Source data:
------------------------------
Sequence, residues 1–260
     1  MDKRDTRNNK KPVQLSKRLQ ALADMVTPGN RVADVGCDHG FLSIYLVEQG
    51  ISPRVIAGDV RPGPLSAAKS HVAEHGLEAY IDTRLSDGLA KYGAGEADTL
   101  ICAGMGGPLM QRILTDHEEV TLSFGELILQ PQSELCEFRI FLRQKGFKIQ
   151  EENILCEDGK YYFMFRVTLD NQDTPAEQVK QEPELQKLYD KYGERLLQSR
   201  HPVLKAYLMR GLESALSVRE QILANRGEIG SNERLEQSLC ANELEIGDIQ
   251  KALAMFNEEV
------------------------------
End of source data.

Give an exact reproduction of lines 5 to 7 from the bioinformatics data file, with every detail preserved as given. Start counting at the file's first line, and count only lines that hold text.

   151  EENILCEDGK YYFMFRVTLD NQDTPAEQVK QEPELQKLYD KYGERLLQSR
   201  HPVLKAYLMR GLESALSVRE QILANRGEIG SNERLEQSLC ANELEIGDIQ
   251  KALAMFNEEV